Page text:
Note: I overlooked writing in yesterday’s diary that upon my request Major Soriano spoke to the President regarding my trip, and expressed my points of view. The President answered that he will take me with him to Australia so that I can be with General MacArthur. He believes that it will be hard for me to remain in Mindanao or Cebu as the Commanding Generals are only Brigadier Generals. He added that in view of my rank and position I would be better with General MacArthur where I could observe and study his plan for the offensive. Later I spoke with the President and he reiterated what he had told Soriano.

March 23, 1942

The newspapers headlined in bold letters that President Quezon died in Iloilo, a victim of his old disease. It was however added that the news has not yet been confirmed. Radio Bataan denied it strongly and promised that it would issue its own bulletin. Radio Tokyo nevertheless came back, insisting that President Quezon was assassinated. He allegedly wanted to surrender in order to avoid further shedding of blood, but General MacArthur contradicted him. A violent altercation ensued and General MacArthur shot him. The enemy radio stations repeatedly and vehemently denied the rumor and the ensuing battle of propaganda detonated like explosives. Although the rumors and counter-rumors did not kill anyone, they were demoralized, and these attacks, though unseen, caused fear and shock.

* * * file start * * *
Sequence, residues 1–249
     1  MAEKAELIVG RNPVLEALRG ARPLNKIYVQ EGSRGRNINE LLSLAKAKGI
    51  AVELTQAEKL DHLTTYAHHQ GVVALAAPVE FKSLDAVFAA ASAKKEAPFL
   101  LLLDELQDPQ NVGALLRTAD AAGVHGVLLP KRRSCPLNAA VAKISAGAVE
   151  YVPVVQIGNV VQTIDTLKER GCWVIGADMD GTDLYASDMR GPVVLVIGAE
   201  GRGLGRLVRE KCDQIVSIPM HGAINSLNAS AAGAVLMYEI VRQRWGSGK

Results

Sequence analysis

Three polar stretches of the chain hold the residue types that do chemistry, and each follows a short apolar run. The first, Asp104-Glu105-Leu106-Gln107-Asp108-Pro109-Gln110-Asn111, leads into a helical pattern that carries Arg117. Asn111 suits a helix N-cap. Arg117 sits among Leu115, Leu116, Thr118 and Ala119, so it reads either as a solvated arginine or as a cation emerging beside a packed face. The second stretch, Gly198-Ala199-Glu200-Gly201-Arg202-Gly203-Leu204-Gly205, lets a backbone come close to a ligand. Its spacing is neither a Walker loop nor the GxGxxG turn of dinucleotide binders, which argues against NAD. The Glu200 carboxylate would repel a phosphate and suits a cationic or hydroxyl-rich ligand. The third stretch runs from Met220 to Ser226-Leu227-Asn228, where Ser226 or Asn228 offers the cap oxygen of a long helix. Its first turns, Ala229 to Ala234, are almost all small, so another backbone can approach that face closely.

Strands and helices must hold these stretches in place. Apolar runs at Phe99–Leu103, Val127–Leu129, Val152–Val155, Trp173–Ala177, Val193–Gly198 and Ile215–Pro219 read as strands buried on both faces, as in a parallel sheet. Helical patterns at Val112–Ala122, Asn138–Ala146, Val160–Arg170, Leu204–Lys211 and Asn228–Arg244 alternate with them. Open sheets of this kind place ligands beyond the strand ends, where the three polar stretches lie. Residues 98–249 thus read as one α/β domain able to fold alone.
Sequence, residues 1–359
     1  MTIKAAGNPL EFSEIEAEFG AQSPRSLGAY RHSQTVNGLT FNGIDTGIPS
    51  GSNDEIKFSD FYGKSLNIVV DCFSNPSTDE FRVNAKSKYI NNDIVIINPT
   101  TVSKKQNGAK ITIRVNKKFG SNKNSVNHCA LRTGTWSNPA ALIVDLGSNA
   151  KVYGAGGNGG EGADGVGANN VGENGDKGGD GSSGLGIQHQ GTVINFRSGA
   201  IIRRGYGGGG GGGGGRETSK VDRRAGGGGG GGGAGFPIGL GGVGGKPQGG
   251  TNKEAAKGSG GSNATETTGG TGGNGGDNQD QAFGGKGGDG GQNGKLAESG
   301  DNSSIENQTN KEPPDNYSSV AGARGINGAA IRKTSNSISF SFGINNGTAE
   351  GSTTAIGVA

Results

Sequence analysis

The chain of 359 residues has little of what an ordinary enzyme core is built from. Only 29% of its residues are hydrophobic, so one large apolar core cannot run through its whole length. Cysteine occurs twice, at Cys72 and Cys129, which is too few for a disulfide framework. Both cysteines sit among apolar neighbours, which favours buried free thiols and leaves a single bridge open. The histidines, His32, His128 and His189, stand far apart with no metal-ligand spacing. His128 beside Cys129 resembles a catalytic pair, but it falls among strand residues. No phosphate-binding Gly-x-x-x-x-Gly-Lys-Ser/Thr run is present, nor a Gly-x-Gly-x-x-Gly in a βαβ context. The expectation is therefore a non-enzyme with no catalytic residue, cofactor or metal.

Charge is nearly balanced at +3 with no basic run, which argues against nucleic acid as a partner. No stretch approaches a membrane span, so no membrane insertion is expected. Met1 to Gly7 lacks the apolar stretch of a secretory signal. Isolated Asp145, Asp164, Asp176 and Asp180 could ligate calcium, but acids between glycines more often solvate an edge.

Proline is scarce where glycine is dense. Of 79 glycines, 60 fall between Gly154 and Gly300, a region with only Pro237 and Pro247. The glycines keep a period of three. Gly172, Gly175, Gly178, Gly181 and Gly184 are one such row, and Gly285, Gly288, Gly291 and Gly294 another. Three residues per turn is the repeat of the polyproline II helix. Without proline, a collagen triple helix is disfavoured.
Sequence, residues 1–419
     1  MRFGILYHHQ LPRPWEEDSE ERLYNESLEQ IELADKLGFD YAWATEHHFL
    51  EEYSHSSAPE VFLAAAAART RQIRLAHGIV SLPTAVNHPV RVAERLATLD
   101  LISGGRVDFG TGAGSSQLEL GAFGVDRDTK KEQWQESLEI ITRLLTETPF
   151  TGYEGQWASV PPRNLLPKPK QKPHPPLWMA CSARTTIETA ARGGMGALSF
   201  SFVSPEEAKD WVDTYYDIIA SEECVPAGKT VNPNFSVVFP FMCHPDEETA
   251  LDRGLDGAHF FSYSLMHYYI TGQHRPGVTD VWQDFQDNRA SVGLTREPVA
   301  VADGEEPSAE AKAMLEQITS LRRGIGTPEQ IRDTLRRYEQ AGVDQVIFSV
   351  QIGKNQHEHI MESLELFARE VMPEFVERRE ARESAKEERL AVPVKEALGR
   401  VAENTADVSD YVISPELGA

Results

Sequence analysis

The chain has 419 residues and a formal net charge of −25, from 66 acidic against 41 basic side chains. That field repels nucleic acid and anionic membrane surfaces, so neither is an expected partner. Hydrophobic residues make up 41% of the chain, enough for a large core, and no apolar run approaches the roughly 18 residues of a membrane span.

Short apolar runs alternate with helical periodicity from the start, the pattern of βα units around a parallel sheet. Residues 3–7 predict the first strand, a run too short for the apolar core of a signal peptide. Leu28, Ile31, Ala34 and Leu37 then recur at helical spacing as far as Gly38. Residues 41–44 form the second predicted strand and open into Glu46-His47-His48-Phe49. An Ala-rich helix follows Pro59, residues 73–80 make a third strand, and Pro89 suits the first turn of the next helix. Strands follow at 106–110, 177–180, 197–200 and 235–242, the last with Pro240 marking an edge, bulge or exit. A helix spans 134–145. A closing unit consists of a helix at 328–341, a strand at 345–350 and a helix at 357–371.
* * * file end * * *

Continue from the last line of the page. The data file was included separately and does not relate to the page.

What is it that they are trying to prove, anyway!